This article was originally published May 14, 2002 on RealMoney.com
(With apologies to Irving Berlin and Bing Crosby...)I'm dreaming of a green quote screen,
Just like the ones I used to know.
Where my profits glinted,
And I squinted,
To see tech stocks that would grow.
I'm dreaming of a green quote screen,
With every margin check I write.
May your audits be honest and clean,
And may all your quote screens flash some green.
Wake-up calls often take strange forms.
The long regulatory delay in launching
single stock futures, a topic quite near and dear to my heart, has afforded me the time to update
my stock selection algorithm, originally compiled in late September 2001. Many issues in the original database, such as
, have fallen out of various major indices. Others, such as Compaq and Enron, have disappeared as the result of merger or bankruptcy.
Still others fall into a more painful category. The
Securities and Exchange Commission
requires a stock to settle at $7.50 a share on a majority of trading days in the three months prior to listing as a single stock-future. Some stalwarts of the 1990s, including
, are racking up entries in the "days below" category, and
has already played its way off the team. And if the chart on
looks like a bottom to you, come see me immediately. What do you think Larry Ellison's kimonos will fetch at a local garage sale?
In fact, a cruise through the charts last Tuesday -- a day before Wednesday's monster bout of short-covering -- failed to produce a single nondecrepit chart. I joked with a colleague that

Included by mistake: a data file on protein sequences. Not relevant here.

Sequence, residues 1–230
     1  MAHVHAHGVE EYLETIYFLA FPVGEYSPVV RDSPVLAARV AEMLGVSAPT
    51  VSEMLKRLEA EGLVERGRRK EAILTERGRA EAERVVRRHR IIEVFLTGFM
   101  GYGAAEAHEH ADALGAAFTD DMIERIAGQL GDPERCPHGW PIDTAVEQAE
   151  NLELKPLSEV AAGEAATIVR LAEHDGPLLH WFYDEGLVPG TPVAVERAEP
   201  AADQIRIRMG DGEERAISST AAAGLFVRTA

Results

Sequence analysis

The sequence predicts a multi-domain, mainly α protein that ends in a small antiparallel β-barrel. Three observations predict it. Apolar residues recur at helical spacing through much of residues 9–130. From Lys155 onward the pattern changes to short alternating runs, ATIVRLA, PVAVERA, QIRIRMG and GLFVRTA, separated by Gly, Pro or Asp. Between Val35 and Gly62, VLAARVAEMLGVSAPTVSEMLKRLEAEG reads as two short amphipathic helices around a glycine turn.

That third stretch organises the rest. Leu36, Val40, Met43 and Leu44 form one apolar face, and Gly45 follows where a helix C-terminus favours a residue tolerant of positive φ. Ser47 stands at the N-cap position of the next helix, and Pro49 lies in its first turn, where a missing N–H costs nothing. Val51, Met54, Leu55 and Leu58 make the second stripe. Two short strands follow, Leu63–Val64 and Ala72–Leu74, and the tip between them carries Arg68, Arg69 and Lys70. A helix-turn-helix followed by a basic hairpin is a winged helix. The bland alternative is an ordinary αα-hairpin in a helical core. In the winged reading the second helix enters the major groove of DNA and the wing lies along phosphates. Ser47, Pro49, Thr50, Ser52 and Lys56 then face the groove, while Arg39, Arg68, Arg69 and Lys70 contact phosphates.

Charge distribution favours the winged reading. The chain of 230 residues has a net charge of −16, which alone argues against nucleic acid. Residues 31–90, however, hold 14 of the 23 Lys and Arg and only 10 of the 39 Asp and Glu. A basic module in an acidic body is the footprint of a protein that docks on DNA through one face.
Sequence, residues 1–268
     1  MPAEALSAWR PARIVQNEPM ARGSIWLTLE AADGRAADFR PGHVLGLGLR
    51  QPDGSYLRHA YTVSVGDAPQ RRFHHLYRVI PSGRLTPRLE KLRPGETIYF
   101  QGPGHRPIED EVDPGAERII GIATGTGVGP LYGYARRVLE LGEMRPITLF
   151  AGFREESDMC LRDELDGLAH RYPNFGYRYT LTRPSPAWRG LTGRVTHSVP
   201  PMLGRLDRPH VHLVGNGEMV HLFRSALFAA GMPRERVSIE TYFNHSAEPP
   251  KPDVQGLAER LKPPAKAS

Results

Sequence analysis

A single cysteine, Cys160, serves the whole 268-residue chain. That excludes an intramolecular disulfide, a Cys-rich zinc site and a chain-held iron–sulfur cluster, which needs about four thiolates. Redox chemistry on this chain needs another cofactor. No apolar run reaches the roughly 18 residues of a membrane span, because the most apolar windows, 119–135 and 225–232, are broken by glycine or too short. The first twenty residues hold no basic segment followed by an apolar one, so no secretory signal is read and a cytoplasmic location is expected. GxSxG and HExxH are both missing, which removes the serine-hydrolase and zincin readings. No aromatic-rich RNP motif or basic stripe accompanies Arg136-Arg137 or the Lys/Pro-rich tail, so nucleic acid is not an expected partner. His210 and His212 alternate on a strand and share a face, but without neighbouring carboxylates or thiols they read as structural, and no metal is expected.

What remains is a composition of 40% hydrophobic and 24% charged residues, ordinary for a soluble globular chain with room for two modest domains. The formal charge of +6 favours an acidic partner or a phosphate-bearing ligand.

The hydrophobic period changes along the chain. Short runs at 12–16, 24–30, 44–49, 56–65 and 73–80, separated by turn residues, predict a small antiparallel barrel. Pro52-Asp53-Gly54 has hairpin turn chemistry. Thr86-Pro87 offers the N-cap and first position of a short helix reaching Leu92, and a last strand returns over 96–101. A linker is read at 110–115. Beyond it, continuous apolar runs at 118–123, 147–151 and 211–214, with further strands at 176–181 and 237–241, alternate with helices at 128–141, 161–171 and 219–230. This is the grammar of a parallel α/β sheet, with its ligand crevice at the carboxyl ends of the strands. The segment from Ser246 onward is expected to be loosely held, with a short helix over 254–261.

had only one chart stored on the system, and that it was simply changing the label. Because a wide selection of major stocks all looked worse than the averages composed therefrom, and because the market has been doing a decent job of selling off on bad news and ignoring good news -- except
earnings -- it gave me pause to wonder about my own misplaced optimism from earlier in the year.
After all, I do teach that when technicals and fundamentals diverge, that you must trade the technicals, and that the only working definition of a good trader I know is someone who admits mistakes quickly: Recall Keynes' bon mot, "When the facts change, I change my mind. What do you do, sir?" Today's technicals are unmistakably bearish and the facts have changed.
The Federal Swamp
For those of you who have asked, I am a Libertarian politically, neither a Democrat nor a Republican. Libertarians believe in free markets, individual liberties, minimal government, and strict interpretation of the Constitution and a couple of other subversive ideas (and oh, yes, if the dimmest Libertarian defected and became a Democrat, he or she would end up raising the average in both parties).
Governments, like all large organizations, often see their best intentions derailed by various inefficiencies and institutional constraints. I'm convinced without evidence that whether business or government, the probability of any large organization achieving any stated goal is well under 50%.
The Bush administration
has ventured into protectionism and just out-and-out shameful vote-buying in the form of